Association for Behavior Analysis International

The Association for Behavior Analysis International® (ABAI) is a nonprofit membership organization with the mission to contribute to the well-being of society by developing, enhancing, and supporting the growth and vitality of the science of behavior analysis through research, education, and practice.


Fourth International Conference; Australia, 2007

Event Details

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Paper Session #73
International Paper Session - Conceptual Issues in the Experimental Analysis of Behaviour
Tuesday, August 14, 2007
1:00 PM–1:50 PM
L2 Room 2
Area: EAB
Chair: M. Jackson Marr (Georgia Institute of Technology)
A Mathematical Theory of Behavior Chains.
Domain: Experimental Analysis
JACK J. MCDOWELL (Emory University)
Abstract: Two mathematical and two computational theories can be combined to produce a more comprehensive theory of adaptive behavior that describes reinforced responding in the presence of a discriminative stimulus. The cornerstone of this theory is an evolutionary algorithm that instantiates the idea that behavior evolves in response to selection pressure from the environment in the form of reinforcement. The evolutionary algorithm has been shown to generate steady-state behavior that is consistent with matching theory. This evolutionary dynamics and matching-theory statics can be combined with a theory of stimulus control to produce a more general theory. Rescorla and Wagner’s computational theory of associative learning may be used to describe the development of conditioned reinforcing value in a discriminative stimulus. An extension of Mazur’s hyperbolic delay theory of conditioned reinforcement constitutes the corresponding equilibrium theory. The resulting general theory of reinforced responding in the presence of a discriminative stimulus provides a quantitative account of the development, maintenance, and dissolution of behavior chains, as is observed on chained schedules of reinforcement. It also provides a biologically plausible method of generating adaptive state action sequences in a virtual agent or physical robot, which is a canonical problem in artificial intelligence and machine learning.
Residual Meta-Analysis: A New Frontier in the Quantitative Analysis of Behavior?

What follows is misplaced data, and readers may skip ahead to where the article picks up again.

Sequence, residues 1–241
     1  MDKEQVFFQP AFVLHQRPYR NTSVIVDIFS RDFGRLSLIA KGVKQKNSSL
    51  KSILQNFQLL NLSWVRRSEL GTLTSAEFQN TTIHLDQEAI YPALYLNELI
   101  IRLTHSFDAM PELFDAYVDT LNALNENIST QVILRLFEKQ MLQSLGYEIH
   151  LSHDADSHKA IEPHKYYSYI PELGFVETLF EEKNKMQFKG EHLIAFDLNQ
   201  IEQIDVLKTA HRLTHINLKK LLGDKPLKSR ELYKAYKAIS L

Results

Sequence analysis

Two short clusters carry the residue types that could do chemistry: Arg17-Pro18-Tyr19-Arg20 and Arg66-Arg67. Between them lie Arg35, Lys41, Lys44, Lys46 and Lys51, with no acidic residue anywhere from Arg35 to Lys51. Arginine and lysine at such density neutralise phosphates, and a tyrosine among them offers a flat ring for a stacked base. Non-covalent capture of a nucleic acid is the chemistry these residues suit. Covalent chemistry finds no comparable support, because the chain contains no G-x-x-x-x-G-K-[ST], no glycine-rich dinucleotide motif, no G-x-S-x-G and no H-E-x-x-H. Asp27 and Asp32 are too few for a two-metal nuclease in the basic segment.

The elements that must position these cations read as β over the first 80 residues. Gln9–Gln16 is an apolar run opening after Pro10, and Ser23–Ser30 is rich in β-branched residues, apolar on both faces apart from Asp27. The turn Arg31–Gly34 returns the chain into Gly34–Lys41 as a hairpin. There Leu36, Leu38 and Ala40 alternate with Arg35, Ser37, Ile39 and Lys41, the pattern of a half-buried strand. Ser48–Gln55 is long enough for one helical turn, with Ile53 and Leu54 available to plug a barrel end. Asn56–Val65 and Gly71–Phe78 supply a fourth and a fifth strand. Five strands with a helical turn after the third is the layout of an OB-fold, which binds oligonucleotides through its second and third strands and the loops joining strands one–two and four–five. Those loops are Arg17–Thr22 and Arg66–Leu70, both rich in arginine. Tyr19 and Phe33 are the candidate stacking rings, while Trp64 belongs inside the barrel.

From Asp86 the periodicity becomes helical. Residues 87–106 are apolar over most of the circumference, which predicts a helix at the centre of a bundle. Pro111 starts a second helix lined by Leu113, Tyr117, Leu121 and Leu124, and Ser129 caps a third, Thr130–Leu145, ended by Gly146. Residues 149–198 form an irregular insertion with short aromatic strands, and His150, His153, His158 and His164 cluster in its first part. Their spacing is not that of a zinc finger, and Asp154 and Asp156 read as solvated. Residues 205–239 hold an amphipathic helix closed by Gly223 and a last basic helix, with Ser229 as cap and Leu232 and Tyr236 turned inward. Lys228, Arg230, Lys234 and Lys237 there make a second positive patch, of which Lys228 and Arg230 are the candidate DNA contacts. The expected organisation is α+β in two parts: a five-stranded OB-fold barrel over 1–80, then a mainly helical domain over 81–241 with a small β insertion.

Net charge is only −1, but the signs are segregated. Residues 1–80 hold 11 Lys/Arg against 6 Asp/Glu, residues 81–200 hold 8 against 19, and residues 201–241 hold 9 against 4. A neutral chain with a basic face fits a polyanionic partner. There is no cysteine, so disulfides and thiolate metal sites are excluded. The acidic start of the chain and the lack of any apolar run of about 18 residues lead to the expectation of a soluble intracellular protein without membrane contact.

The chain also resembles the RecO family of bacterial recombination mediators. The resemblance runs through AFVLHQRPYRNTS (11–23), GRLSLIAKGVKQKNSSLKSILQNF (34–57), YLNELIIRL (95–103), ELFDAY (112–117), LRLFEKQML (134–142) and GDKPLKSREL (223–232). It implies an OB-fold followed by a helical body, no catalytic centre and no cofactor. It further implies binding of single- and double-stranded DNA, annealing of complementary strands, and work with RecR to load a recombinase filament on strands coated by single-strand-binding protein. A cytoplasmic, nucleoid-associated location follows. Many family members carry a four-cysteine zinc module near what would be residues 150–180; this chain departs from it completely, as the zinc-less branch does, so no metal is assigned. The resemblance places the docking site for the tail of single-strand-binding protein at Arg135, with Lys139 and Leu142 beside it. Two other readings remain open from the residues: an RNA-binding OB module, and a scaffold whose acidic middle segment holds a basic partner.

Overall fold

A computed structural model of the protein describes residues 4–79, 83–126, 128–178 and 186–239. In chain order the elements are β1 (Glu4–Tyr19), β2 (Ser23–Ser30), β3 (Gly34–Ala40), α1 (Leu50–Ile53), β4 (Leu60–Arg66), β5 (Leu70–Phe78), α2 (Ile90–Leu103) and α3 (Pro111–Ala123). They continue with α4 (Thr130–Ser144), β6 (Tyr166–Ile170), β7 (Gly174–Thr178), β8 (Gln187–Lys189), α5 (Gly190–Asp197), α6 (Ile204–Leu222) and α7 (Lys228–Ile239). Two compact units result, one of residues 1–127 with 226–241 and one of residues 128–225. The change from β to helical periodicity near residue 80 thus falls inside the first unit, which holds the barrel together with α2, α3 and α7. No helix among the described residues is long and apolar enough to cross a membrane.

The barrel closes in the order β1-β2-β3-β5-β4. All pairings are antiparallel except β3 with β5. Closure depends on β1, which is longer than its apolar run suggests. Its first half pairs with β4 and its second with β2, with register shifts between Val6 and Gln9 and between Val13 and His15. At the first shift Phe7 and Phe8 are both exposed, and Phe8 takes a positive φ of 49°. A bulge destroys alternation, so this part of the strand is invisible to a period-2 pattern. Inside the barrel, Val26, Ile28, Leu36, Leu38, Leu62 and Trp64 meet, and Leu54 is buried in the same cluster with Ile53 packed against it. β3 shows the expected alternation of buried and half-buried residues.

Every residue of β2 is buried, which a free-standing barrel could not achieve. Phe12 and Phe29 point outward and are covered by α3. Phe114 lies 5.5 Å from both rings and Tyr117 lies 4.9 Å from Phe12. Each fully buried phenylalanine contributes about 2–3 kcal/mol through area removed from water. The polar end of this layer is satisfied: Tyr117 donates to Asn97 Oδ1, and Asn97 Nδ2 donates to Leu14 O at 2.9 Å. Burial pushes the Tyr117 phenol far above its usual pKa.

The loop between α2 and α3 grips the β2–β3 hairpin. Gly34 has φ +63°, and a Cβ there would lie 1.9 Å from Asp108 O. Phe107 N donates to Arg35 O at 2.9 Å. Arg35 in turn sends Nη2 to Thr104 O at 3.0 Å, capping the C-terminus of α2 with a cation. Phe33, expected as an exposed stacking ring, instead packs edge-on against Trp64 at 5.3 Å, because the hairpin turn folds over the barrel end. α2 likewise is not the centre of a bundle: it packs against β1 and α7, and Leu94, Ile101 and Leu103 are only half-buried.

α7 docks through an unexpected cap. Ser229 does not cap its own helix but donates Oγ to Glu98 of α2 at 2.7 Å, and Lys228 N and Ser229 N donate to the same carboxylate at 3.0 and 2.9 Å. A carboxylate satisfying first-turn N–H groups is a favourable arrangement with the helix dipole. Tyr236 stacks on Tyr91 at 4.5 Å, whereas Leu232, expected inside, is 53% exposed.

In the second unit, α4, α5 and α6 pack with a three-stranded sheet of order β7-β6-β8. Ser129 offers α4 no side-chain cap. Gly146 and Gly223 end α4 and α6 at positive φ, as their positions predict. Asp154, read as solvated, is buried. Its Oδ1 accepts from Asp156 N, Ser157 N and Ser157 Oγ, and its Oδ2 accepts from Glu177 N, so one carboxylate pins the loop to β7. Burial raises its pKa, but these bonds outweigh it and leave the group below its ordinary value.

Domain: Experimental Analysis
RANDOLPH C. GRACE (University of Canterbury)
Abstract: Meta-analysis has become increasingly popular among researchers in the social sciences as a method of aggregating effect sizes across studies that overcomes some of the problems with statistical power. However, it has generally not been used in the quantitative analysis of behavior. The reason is simple. Our models are so good that effect size is not the issue. We face essentially the opposite problem: How to distinguish between models that typically account for over 90% of the variance. The critical question is then whether the remaining 10% variance is systematic, allowing for models to be falsified. But typically this cannot be answered by a single study, because of low statistical power. Here I describe a technique for aggregating residuals from fits of competing models to archival data, and using polynomial regression to test whether they are systematic. Residual meta-analysis solves the problem of low statistical power, and provides a stringent test of quantitative models. Several examples are presented, involving models for choice in concurrent chains and concurrent schedules, and temporal discounting of delayed rewards.
Tweedledum and Tweedledee: Symmetry in Behavior Analysis.
Domain: Experimental Analysis
M. JACKSON MARR (Georgia Institute of Technology)
Abstract: Symmetry is revealed when some non-trivial transformation of a system leaves the system unchanged or invariant. Symmetry is a pervasive feature in many sciences from physics to embryology. In physics, for example, symmetry is reflected in fundamental laws. Can this be said of behavioral principles? I explore this question by discussing several examples from behavior analysis including the operational and functional aspects reinforcement, stimulus control, the three-term contingency, and putative scale invariance of behavioral principles.



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